Despite the tangled affairs of our redoubtable police officer, I actually rather enjoyed the greater emphasis that Bates places within the main narrative to the bumbling duo of Magni and Ossi. I think it’s fair to say that the plot rather resembles an inverted and twisted version of Steinbeck’s Of Mice and Men, with skinny ringleader Ossi, being quickly revealed as a real liability to any hopes of escape from their predicament, and rufty tufty big guy Magni stepping up to be the brains rather than just the brawn. However, with the sensual temptation of Magni’s growing relationship with their younger captive Tinna Lind- the comely daughter and Mata Hari-esque femme fatale of the piece- Magni has to keep a balance with Ossi and Tinna which makes for an interesting development of his character. Although, as it transpires his brain does begin to take rather a backseat to other parts of his anatomy. Ahem. As the ineffective robbers lurch from one disaster to another, their story starts to take a whole other turn, and although I did have my suspicions to the denouement, it was an entertaining journey to the conclusion. Along from some nice violent interludes in the story as Magni and Ossi seek to evade both the police and the bad guy they have crossed, who is definitely out for vengeance, there is a great balance of sauciness, humour, darkness and high emotion. A good addition to a highly enjoyable series.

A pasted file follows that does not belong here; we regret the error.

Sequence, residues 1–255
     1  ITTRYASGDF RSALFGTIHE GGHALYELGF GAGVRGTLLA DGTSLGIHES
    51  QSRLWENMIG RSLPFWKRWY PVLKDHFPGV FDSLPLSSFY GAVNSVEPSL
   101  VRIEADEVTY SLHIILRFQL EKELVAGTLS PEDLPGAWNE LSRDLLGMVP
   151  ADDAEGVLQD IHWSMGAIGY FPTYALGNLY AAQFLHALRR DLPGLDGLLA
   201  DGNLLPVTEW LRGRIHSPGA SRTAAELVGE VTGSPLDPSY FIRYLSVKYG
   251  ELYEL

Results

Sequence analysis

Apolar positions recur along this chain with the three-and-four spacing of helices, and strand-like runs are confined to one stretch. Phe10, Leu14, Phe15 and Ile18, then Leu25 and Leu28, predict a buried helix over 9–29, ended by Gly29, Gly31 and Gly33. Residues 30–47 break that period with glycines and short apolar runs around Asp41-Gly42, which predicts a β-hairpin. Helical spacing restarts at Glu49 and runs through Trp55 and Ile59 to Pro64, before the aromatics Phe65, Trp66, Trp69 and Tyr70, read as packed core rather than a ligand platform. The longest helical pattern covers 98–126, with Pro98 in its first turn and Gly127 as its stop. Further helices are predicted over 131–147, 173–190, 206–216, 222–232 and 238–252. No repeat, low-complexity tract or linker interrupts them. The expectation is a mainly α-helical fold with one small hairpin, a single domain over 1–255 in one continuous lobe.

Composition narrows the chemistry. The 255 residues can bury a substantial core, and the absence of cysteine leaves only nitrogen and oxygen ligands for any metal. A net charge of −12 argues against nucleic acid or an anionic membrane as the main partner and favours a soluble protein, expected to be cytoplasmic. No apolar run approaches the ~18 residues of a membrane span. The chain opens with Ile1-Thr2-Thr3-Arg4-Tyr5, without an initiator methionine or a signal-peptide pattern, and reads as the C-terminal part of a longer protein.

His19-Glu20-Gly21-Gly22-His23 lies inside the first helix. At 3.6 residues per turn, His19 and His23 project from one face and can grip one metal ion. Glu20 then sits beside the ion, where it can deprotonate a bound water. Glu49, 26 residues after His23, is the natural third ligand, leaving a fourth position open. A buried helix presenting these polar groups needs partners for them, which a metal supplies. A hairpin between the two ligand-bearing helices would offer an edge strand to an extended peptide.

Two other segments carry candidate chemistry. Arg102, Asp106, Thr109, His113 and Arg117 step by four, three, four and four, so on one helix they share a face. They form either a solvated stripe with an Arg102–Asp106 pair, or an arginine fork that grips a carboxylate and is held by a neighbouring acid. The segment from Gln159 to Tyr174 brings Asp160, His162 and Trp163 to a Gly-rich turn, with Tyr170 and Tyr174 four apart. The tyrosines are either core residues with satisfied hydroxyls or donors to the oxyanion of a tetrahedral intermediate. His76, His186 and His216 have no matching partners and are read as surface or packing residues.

The blog tour continues tomorrow at Eurodrama  and check out the rest of the tour below…

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Guest Post- M. J. Carter on Edgar Allan Poe

carterThe Infidel Stain is the second book in M. J. Carter’s Blake and Avery mystery series, following on from CWA New Blood Dagger shortlisted and Bailey’s Women’s Prize long- listed The Strangler Vine. In this special guest post Miranda shares her thoughts on all things Poe, and his influence on the early days of the detective fiction genre…

“The Infidel Stain is set in 1841, the same year—not altogether accidentally—that what is arguably the first detective story was published. ‘The Murders in the Rue Morgue’ was written by Edgar Allan Poe, the American writer, poet and genius known best for his brilliant gothic short stories and poems and—quite unfairly as it turned out—for his short, syphilitic, drug-addled, mad life. But that’s another story. This very blog is named in honour of his great poem, ‘The Raven’.